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Working with Difficult Patients- 5

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Difficult patients can be stressful.  So stressful in fact that dentists report ‘working with difficult patients’ as the second most common stress trigger in dentistry, only slightly behind ‘time management issues’.  If working with difficult patients is so stressful, leading to some dental professionals to leave the industry, retire early, or worse…keep working while staying miserable, why don’t dental pros do more to educate themselves and increase their skill sets around this very topic?

The next time you are at a conference, come across a webinar, or CE course on working with difficult patients, do yourself, your team and your business a favor and take it.

Difficult Patient #5:  The Know-It-All

Problem: The patient comes into the office with lots of questions and all the answers.  They ask question after question as they painstakingly complete each in-office form, and then do what they want anyway.  They refuse x-rays because they know they cause cancer and any reasonable dentist doesn’t need them.  Recommended treatment is met with sarcastic comments and “that’s not what I read on the internet.”

Reality:  Someone who comes across as a Know-it-all really is someone who has high fear. They are a fearful patient disguising themselves as a Know-it-all, control freak.  What sets these patients apart from other fearful patients is their abusive and abrasive tone can make it very difficult to offer any kind of empathy.  Nonetheless, when approached in the right way, these Know-it-alls can become your most loyal patient.

Solution: Since Know-it-alls are really fearful patients, the main objective is to gain their trust so you can open their minds to a new idea.  Follow these tips to win them over:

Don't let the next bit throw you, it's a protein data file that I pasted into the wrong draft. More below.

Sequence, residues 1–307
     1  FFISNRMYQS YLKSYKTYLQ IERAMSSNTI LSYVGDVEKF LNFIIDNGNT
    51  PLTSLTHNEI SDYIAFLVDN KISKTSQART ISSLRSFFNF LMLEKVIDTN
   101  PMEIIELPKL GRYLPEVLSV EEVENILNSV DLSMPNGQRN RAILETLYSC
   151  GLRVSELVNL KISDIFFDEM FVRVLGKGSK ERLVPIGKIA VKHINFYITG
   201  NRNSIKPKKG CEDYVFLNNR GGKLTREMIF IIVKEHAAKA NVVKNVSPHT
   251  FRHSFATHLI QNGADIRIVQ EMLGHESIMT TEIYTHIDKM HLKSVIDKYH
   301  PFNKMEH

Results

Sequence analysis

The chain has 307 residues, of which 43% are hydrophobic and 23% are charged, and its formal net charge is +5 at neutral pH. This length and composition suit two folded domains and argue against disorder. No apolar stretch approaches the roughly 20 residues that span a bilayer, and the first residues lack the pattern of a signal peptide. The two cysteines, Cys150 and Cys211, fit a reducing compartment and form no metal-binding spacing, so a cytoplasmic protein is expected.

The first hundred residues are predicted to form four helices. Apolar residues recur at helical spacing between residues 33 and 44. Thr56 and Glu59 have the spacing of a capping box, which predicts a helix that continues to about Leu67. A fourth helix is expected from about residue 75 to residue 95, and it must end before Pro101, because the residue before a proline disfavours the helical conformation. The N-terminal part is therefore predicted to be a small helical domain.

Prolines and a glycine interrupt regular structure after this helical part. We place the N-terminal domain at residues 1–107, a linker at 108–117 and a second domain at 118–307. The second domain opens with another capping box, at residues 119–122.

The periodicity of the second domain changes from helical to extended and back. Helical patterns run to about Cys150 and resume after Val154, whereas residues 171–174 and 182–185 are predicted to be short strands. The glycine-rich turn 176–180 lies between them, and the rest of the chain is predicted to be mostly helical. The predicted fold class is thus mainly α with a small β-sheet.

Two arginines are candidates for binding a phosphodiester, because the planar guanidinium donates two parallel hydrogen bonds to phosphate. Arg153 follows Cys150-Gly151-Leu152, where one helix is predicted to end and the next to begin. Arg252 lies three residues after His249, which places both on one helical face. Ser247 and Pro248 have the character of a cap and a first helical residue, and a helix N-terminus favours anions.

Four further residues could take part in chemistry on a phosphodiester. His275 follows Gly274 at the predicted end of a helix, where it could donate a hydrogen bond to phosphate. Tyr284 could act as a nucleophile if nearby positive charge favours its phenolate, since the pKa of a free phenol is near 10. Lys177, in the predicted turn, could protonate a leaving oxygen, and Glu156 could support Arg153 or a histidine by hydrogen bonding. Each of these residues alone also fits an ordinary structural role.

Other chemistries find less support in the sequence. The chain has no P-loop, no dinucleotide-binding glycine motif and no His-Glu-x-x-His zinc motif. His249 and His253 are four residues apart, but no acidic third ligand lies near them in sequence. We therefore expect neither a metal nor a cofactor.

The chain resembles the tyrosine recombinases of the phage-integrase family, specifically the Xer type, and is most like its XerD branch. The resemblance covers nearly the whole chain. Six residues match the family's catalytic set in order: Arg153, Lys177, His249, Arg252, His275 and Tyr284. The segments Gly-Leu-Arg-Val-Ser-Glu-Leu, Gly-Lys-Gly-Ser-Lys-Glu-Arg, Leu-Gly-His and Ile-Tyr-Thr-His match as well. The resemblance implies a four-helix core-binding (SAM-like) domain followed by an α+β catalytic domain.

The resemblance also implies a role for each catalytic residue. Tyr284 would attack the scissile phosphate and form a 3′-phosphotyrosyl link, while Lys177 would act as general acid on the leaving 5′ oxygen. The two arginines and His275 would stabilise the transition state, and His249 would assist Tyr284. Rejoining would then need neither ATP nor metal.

1. Pick your battles.  When a patient shares information you know is misguided, you don’t have to get defensive and correct them.  If it doesn’t pertain to treatment, let it go.
  2. Be open, not defensive and ask permission.  If there is information a patient believes and it is untrue AND it is hindering them from accepting the treatment that is right for them, ask them if they are willing to talk about a new perspective on the subject.  Turning a compliant patient into a committed patient is all in the permission.
  3. Be confident and deliver softly.  You know your stuff so be confident, on the inside.  On the outside, make sure your body language isn’t engaging the patient in a heated debate.  Sit eye level, cross your legs, hands in your lap, shoulders slightly rounded, tilt your head, look them in the eye and speak at a moderate level.
  4. Know you’re not giving in, you’re winning over.  When you bite your tongue, and it’s likely you will with Know-it-alls, remind yourself that every patient has the potential to be a great patient.  It’s all in how you interact with them.

Step 5:  Too often teams review patient appointments during their morning huddle the day of.  This is a HUGE misstep.  It leaves no time for changes and planning.  Discussing patient visits, how you customize their appointment, and tips you need to member should be no less than 48 hours in advance.

Found this interesting?  Let me know below!

Continue the series, Working with Difficult Patients- 6

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